Things Are Getting Tense In Baltimore

The Baltimore Symphony Orchestra’s (BSO) collective bargaining agreement (CBA) with its musicians expired September 9, 2018 and it appears things are headed in a dark direction as negotiations have official gone public in the form of two musician press releases from 10/29/18 and 11/01/18*.

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The latter press release contained the musicians’ summary of the employer’s current offer:

  • Reduction in weeks from 52 to 40.
  • 17 percent deduction in salary.
  • An undefined reduction in non-salary financial items.

I’m not one to get hung up on the 52-week status symbol. Simply put, is an orchestra musician who earns $65,000/year in a 50-week orchestra somehow less valuable than one earning the same amount in a 52-week ensemble? It’s certainly a slippery slope.

Having said that, a cut from 52 down to 40 weeks is a substantial concession and one that undoubtedly moves an ensemble into a lower tier. There are no two ways about it, a 12-week reduction is a profound cut.

The musician press release contains one more fuzzy item in the form of orchestra complement.

No other major US orchestra has as few as 75, or 77, or 83 full-time members. Not one.

First, it would help to know exactly how they define major vs. non-major orchestra status (see the slippery slope discussion above). Is it only the 52-week threshold? Regardless, we don’t have to wallow about in nebulous status symbol definitions when the firm foothold of empirical analysis is available for musician complements (both CBA required and actual employed).

For the 2017/18 season, the following orchestras had minimum musician complements within that 75-83 range:

  • San Diego Symphony: 82 musicians required by CBA, 42-week season
  • Indianapolis Symphony: 76 musicians required by CBA, 42-week season
  • Dallas Symphony: 82 musicians required by CBA (82 employed), 52-week season

Groups just outside of that complement threshold include:

  • Houston Symphony: 84 musicians required by CBA (88 employed), 52-week season
  • Detroit Symphony: 85 musicians required by CBA (79 employed), 42-week season
  • Milwaukee Symphony: 81 musicians required by CBA (68 employed), 40-week season

I’m not even going to think of wading into the waters of comparing those groups based on artistic excellence to determine major vs. non-major status. Wiser professionals than I have made attempts only to never be heard from again.

Consequently, I’m not entirely certain the musicians are leading with their best foot forward when making that claim about musician complements without some quantifiable parameters to define major orchestra status.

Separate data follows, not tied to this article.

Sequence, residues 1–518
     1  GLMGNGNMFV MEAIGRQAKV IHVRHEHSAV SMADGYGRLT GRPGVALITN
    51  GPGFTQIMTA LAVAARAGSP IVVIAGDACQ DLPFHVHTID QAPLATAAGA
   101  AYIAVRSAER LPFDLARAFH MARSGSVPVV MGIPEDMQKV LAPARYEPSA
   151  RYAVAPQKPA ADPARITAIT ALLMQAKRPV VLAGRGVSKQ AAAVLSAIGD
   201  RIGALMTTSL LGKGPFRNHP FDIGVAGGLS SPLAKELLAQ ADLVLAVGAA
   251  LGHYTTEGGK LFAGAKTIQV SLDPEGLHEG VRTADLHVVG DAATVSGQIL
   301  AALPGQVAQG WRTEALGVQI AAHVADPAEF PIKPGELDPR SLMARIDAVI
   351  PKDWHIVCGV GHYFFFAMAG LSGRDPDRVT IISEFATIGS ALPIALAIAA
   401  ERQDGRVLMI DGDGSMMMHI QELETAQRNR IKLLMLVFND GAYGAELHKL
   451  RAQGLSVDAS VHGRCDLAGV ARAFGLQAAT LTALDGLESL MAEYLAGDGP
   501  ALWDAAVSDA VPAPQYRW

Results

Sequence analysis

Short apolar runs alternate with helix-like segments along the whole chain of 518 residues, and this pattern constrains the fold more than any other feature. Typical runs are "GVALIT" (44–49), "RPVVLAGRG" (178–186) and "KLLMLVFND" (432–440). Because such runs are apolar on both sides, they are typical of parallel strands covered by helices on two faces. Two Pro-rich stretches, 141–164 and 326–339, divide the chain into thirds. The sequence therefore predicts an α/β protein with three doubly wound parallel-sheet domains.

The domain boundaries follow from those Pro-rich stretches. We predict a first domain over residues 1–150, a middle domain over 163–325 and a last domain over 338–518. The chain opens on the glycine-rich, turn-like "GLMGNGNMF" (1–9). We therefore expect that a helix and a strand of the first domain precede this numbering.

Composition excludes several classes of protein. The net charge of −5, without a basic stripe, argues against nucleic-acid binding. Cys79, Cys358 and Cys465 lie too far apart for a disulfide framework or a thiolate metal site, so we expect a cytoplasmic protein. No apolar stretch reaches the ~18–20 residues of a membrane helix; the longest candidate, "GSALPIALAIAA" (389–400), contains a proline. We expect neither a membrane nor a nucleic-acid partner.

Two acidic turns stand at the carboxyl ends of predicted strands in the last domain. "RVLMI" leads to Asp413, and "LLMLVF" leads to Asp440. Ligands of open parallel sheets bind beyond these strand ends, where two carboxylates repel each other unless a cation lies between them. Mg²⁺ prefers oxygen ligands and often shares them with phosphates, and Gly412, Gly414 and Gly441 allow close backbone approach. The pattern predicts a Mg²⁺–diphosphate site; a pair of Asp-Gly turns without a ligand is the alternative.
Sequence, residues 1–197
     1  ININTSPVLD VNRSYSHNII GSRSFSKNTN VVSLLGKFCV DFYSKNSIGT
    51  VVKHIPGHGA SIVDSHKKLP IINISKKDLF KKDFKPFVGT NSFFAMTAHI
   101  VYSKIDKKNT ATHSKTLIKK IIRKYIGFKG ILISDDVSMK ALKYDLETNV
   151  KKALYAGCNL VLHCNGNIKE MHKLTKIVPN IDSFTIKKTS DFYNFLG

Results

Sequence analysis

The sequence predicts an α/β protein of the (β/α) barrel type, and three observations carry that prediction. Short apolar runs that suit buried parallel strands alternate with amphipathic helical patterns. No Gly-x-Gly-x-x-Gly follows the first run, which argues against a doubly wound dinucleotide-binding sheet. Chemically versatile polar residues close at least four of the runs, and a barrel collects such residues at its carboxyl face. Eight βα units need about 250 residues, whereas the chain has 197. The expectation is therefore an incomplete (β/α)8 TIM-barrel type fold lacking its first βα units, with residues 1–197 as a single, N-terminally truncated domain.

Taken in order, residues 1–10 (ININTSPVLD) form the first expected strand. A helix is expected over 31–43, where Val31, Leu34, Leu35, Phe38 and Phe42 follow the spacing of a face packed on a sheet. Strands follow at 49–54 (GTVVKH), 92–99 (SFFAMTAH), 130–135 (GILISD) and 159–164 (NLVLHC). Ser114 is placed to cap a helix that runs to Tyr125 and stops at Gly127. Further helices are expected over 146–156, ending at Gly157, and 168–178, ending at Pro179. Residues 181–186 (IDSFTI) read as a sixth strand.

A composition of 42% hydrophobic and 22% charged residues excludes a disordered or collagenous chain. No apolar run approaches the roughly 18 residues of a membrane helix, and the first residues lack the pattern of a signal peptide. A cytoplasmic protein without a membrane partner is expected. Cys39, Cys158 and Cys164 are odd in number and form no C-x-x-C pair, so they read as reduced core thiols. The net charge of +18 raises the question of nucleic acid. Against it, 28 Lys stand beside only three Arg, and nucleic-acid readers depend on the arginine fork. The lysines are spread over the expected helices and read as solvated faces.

At the same time, their press statement does an excellent job at focusing on what we’ve found at the heart of numerous contemporary labor disputes: a lack of financial transparency.

For those with long memories, you probably recall the BSO’s dubious decision in 2004 to sell its largest asset, Meyerhoff Hall, to what at the time was a shadowy nonprofit subsidiary to the tune of $30mm.The deal also included transferring control over the BSO’s endowment to the same nonprofit subsidiary.

At the very least, it seems clear that the BSO, its stakeholders, and supporters would benefit from a comprehensive and independent examination of financial records along the lines of what transpired at the Metropolitan Opera in 2014 more details).

Regardless how things develop, that would go a long way toward understanding motivations and arriving at the best possible outcomes.

*Sorry, at the time this article was published, the musicians haven’t made a version of the press release available online.

About Drew McManus

"I hear that every time you show up to work with an orchestra, people get fired." Those were the first words out of an executive's mouth after her board chair introduced us. That executive is now a dear colleague and friend but the day that consulting contract began with her orchestra, she was convinced I was a hatchet-man brought in by the board to clean house.

I understand where the trepidation comes from as a great deal of my consulting and technology provider work for arts organizations involves due diligence, separating fact from fiction, interpreting spin, as well as performance review and oversight. So yes, sometimes that work results in one or two individuals "aggressively embracing career change" but far more often than not, it reinforces and clarifies exactly what works and why.

In short, it doesn't matter if you know where all the bodies are buried if you can't keep your own clients out of the ground, and I'm fortunate enough to say that for more than 15 years, I've done exactly that for groups of all budget size from Qatar to Kathmandu.

For fun, I write a daily blog about the orchestra business, provide a platform for arts insiders to speak their mind, keep track of what people in this business get paid, help write a satirical cartoon about orchestra life, hack the arts, and love a good coffee drink.

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